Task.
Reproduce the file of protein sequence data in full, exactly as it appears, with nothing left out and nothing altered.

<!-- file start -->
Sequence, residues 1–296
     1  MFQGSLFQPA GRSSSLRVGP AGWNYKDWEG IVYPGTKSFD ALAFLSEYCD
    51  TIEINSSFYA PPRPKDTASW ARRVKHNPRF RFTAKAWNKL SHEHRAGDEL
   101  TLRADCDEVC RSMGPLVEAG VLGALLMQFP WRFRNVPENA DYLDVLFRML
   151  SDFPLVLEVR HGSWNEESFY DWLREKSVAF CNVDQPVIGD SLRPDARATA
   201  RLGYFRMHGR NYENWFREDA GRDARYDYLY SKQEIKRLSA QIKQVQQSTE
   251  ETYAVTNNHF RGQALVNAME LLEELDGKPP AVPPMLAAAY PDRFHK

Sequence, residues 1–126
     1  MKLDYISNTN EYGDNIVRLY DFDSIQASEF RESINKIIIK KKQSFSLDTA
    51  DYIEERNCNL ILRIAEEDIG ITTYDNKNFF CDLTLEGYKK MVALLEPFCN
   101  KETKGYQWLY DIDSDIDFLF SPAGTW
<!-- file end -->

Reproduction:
Sequence, residues 1–296
     1  MFQGSLFQPA GRSSSLRVGP AGWNYKDWEG IVYPGTKSFD ALAFLSEYCD
    51  TIEINSSFYA PPRPKDTASW ARRVKHNPRF RFTAKAWNKL SHEHRAGDEL
   101  TLRADCDEVC RSMGPLVEAG VLGALLMQFP WRFRNVPENA DYLDVLFRML
   151  SDFPLVLEVR HGSWNEESFY DWLREKSVAF CNVDQPVIGD SLRPDARATA
   201  RLGYFRMHGR NYENWFREDA GRDARYDYLY SKQEIKRLSA QIKQVQQSTE
   251  ETYAVTNNHF RGQALVNAME LLEELDGKPP AVPPMLAAAY PDRFHK

Sequence, residues 1–126
     1  MKLDYISNTN EYGDNIVRLY DFDSIQASEF RESINKIIIK KKQSFSLDTA
    51  DYIEERNCNL ILRIAEEDIG ITTYDNKNFF CDLTLEGYKK MVALLEPFCN
   101  KETKGYQWLY DIDSDIDFLF SPAGTW